Stallions – Board members may ask for suggestions on breeding stallion recommendations. Stallion owners may reply to such queries by suggesting their own stallions, only if their horse fits the specific criteria of the original poster. Excessive promotion of a stallion by its owner or related parties is not permitted and will be addressed at the discretion of the moderators.

Services – Members may use the forums to ask for general recommendations of trainers, barns, shippers, farriers, etc., and other members may answer those requests by suggesting themselves or their company, if their services fulfill the specific criteria of the original post. Members may not solicit other members for business if it is not in response to a direct, genuine query.

Products – While members may ask for general opinions and suggestions on equipment, trailers, trucks, etc., they may not list the specific attributes for which they are in the market, as such posts serve as wanted ads.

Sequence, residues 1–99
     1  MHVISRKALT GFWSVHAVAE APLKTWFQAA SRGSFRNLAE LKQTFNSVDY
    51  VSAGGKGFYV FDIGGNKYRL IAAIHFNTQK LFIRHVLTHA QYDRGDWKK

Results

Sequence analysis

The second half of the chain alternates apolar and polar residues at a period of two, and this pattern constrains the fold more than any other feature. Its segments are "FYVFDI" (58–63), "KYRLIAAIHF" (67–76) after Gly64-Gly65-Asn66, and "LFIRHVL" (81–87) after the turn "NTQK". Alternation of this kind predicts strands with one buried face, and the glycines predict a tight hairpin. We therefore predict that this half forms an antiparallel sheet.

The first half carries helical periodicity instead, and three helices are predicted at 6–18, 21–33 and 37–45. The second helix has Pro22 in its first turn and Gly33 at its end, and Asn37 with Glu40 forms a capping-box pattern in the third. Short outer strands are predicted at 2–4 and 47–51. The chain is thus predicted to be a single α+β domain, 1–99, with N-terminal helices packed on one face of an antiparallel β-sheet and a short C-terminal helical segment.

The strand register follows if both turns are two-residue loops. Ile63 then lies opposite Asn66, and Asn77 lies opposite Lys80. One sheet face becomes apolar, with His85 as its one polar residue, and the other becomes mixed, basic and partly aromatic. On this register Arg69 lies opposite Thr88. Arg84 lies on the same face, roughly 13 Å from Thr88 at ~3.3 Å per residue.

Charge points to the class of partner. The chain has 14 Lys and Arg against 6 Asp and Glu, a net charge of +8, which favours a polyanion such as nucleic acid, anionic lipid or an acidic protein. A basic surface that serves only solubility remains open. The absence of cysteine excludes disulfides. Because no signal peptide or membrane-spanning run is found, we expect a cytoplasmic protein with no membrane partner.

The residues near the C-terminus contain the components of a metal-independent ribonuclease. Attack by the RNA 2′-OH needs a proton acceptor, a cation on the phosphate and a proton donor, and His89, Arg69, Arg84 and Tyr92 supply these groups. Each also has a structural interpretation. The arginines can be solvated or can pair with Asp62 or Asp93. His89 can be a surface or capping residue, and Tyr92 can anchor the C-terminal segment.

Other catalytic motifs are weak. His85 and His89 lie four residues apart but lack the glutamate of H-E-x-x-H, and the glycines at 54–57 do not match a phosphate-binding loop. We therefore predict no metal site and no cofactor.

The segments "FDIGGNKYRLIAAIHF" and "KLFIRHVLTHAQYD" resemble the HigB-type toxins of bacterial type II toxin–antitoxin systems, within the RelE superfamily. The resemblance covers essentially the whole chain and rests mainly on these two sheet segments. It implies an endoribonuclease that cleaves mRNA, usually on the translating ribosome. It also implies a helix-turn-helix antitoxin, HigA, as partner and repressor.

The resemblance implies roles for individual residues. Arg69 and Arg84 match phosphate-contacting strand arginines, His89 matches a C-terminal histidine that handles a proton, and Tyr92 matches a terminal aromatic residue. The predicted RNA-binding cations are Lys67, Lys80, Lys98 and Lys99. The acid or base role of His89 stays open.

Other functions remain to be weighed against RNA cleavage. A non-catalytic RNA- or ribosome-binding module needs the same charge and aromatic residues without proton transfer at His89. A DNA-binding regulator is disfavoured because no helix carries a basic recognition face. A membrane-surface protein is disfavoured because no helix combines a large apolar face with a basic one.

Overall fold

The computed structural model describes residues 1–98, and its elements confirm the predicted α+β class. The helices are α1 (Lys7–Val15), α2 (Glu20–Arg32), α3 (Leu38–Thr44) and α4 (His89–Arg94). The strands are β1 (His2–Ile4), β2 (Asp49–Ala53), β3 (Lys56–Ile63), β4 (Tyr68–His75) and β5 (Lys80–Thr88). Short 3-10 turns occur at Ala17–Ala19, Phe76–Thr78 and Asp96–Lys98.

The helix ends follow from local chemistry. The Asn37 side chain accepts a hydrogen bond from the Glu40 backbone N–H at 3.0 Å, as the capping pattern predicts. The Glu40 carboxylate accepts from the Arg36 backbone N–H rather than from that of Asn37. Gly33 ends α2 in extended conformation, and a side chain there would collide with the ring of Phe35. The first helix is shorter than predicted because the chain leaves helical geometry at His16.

Event Announcements – Members may post one notification of an upcoming event that may be of interest to fellow members, if the original poster does not benefit financially from the event. Such threads may not be “bumped” excessively. Premium members may post their own notices in the Event Announcements forum.

Charities/Rescues – Announcements for charitable or fundraising events can only be made for 501(c)(3) tax-exempt organizations. Special exceptions may be made, at the moderators’ discretion and direction, for board-related events or fundraising activities in extraordinary circumstances.

Occasional posts regarding horses available for adoption through IRS-registered horse rescue or placement programs are permitted in the appropriate forums, but these threads may be limited at the discretion of the moderators. Individuals may not advertise or make announcements for horses in need of rescue, placement or adoption unless the horse is available through a recognized rescue or placement agency or government-run entity or the thread fits the criteria for and is located in the Giveaways forum.